The availability of ostrich meat is still rather spotty, but with new ostrich ranches popping up all over the world it is getting easier to find. Ostrich is also showing up on the menu at many restaurants. Because it is leaner and lower in cholesterol than most any other meat Ostrich is frequently found in heath food stores. There are also several online outlets that now carry ostrich, so you can have it shipped practically anywhere. Ostrich industry groups are working to spread the word and the availability of ostrich, so as time goes by you will probably see more and more ostrich products on the market, which means that the price will come down over time.
When it comes to cooking ostrich remember two things. First of all, ostrich meat is leaner than most any meat you will cook. Be sure not to over cook it and use marinades to hold in the moisture when it cooks. Also, because it is so lean you will see a lot less shrinkage during cooking. Secondly, ostrich is higher in iron than beef so it has a very red color to it, even when it is properly cooked. Don't compare the color with cooked beef when determining if the meat is cooked properly. It will be darker red when done. This is why it is best to use a meat thermometer to check for doneness. Ostrich should be cooked to a temperature of 150 degrees F for medium. The cooking times for ostrich are about the same as beef, but keep a close eye on it until you get a used to cooking ostrich.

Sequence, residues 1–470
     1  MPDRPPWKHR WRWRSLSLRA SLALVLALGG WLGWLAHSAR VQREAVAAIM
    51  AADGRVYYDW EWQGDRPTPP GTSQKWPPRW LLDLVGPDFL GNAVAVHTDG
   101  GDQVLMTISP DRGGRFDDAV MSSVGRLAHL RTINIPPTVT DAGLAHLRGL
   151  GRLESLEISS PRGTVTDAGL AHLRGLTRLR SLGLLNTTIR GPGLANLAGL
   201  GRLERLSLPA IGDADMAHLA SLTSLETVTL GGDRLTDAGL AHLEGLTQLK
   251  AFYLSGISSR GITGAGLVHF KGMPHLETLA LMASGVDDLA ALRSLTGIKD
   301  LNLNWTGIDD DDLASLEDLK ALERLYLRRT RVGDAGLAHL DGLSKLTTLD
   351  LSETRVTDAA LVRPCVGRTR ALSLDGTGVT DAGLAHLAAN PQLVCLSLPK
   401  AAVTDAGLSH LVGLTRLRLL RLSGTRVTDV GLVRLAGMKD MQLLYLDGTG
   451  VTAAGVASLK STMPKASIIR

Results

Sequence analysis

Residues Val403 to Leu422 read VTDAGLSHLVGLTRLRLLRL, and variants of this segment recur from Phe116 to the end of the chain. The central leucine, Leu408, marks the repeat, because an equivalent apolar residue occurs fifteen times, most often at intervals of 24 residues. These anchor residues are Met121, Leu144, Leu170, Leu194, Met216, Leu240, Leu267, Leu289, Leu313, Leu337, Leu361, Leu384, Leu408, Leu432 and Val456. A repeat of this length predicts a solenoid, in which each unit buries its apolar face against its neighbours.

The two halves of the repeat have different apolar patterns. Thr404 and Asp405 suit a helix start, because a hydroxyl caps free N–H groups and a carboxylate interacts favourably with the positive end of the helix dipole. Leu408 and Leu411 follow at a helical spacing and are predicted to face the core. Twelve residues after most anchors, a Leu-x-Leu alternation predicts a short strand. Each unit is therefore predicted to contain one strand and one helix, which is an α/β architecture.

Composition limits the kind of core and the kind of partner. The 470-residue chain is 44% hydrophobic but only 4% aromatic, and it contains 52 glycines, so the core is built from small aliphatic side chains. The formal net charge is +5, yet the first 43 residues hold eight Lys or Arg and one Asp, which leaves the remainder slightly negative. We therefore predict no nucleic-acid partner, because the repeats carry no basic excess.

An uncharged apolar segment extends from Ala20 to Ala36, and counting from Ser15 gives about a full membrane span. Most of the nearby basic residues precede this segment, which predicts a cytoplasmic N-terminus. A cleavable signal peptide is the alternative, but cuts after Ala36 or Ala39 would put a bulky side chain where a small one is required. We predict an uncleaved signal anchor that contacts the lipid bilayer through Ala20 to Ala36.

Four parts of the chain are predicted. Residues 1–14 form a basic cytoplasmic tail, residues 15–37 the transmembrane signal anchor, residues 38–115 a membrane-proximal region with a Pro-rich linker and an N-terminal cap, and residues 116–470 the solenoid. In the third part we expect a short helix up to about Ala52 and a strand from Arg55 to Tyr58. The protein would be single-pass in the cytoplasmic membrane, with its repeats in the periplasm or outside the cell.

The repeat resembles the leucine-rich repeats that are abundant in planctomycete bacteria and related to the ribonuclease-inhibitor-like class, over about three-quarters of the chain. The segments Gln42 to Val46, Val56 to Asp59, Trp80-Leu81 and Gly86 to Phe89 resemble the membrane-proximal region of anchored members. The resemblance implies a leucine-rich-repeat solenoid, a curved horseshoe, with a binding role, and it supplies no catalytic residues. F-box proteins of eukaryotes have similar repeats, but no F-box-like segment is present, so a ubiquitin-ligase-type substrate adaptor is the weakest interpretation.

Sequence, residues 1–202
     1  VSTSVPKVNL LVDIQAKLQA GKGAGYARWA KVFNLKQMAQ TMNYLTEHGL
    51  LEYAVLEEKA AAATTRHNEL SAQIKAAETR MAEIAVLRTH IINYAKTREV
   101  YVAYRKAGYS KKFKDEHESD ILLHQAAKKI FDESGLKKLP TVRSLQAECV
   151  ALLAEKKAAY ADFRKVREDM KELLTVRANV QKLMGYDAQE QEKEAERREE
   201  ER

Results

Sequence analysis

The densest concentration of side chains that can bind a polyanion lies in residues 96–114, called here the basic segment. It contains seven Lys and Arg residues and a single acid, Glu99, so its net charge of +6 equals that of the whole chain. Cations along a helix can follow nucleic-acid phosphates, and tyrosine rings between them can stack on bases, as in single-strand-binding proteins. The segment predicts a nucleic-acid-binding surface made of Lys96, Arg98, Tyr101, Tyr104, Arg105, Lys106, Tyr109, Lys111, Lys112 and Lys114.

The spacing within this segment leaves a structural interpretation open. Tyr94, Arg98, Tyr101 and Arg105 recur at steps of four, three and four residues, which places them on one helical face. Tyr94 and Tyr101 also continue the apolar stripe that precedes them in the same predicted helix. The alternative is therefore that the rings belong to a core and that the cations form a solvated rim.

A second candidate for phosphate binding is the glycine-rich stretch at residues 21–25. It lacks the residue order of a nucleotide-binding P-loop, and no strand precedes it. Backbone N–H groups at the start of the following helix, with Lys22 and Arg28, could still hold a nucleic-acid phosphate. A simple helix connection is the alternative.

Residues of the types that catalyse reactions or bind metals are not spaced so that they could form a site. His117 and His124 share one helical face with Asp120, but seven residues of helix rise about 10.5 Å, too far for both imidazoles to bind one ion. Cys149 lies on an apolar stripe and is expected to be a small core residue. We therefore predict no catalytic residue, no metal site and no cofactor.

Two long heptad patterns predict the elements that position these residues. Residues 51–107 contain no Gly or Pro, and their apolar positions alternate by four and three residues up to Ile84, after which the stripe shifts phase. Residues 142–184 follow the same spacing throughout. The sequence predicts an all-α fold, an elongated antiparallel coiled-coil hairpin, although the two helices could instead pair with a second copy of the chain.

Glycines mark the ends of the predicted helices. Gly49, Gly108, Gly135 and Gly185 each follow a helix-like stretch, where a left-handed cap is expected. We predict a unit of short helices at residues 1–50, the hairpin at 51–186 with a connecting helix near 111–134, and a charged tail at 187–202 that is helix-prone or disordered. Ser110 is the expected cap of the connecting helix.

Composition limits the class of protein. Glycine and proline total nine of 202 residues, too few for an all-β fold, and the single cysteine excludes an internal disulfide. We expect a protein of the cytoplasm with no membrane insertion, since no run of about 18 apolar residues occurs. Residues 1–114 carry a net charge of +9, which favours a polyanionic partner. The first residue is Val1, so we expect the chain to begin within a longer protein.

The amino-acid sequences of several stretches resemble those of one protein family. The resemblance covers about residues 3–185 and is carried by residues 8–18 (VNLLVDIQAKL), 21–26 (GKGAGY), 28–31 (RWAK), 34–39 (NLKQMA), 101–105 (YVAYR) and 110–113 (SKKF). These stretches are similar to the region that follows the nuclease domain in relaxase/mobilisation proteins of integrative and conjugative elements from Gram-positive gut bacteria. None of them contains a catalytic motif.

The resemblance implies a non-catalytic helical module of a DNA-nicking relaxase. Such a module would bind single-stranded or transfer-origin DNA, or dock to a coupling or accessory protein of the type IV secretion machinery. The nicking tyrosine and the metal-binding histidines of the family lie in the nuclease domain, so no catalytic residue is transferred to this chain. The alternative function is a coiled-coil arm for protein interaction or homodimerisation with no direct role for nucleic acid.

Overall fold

As I said, ostrich meat can be substituted for most any meat in recipes. It is a great way to reduce your fat and cholesterol intake, while still giving you a meaty meal. Ostrich absorbs flavors more quickly than beef so you might want to reduce marinating times and limit the amount of spices you use to compensate. Ostrich has a great flavor of its own and is generally well liked by the pickiest of eaters. Pick an inexpensive cut the first time you try it so that you can get used to the cooking and the flavor of the meat. After that you will be going back for more ostrich for sure.